‘The state of the planet is broken’: UN’s stark warning on climate change
Latest reports ‘spell out how close we are to climate catastrophe’, says António Guterres
A ceremony to mark the ‘death’ of the Pizol glacier above Mels, eastern Switzerland. Photograph: Fabrice Coffrini/AFP via Getty
The world is “headed for a thundering temperature rise of 3-5 degrees this century”, United Nations secretary general António Guterres has predicted.
In a “State of the Planet” address delivered at Columbia University in New York on Wednesday Mr Guterres said “apocalyptic fires and floods, cyclones and hurricanes are increasingly the new normal” – and caused by the rapidly unfolding climate emergency.
In addition the planet was witnessing “a devastating pandemic, new heights of global heating, new lows of ecological degradation and new setbacks in our work towards global goals for more equitable, inclusive and sustainable development”.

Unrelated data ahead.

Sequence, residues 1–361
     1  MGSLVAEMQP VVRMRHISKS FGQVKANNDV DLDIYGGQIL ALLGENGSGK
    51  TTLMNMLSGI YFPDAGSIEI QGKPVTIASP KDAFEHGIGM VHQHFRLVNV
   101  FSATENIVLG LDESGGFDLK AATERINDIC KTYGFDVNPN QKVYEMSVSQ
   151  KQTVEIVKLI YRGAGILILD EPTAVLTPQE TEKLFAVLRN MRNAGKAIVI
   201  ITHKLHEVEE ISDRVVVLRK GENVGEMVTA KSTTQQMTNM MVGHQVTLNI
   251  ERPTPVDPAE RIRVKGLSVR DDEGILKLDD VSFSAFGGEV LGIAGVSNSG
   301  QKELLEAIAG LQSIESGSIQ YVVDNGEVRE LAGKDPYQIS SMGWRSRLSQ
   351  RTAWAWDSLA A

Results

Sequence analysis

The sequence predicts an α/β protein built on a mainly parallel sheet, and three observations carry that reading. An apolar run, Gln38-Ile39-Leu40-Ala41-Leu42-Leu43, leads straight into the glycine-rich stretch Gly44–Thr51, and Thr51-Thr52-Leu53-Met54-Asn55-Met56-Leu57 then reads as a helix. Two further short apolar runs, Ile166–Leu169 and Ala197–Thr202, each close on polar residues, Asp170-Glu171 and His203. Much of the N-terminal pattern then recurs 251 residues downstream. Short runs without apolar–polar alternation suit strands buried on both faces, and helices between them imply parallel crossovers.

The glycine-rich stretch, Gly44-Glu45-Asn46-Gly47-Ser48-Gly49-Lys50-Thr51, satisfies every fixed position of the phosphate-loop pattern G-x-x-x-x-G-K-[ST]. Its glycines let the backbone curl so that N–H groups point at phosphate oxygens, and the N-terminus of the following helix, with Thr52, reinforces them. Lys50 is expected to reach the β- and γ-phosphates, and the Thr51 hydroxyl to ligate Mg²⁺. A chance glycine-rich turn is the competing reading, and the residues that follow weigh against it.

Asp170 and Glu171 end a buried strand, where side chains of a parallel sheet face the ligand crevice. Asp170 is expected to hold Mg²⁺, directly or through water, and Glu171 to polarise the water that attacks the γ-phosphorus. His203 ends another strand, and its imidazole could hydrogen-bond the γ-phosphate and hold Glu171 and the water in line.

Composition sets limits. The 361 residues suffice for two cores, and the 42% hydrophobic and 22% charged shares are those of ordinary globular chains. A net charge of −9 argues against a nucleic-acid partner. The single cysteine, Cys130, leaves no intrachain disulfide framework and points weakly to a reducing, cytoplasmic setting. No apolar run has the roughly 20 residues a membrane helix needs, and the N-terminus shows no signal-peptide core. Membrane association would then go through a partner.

“To put it simply, the state of the planet is broken,” he said.
Humanity was continuing to wage war on nature but this would not be without consequences, he added. “This is suicidal. Nature always strikes back – and it is already doing so with growing force and fury. Biodiversity is collapsing. One million species are at risk of extinction. Ecosystems are disappearing before our eyes. Deserts are spreading. Wetlands are being lost. Every year, we lose 10 million hectares of forests.”
His speech was flagged by the UN as an attempt to secure greater commitments from governments on climate action in advance of a UN summit on December 12th, coinciding with the fifth anniversary of the Paris agreement.
The secretary general described how “oceans are overfished – and choking with plastic waste. The carbon dioxide they absorb is acidifying the seas. Coral reefs are bleached and dying.”
He said air and water pollution were killing nine million people annually; more than six times the current toll of Covid-19. “And with people and livestock encroaching further into animal habitats and disrupting wild spaces, we could see more viruses and other disease-causing agents jump from animals to humans ... 75 per cent of new and emerging human infectious diseases are zoonotic.”
The latest reports from World Meteorological Organization and the UN Environment Programme – also published on Wednesday – “spell out how close we are to climate catastrophe”, he warned.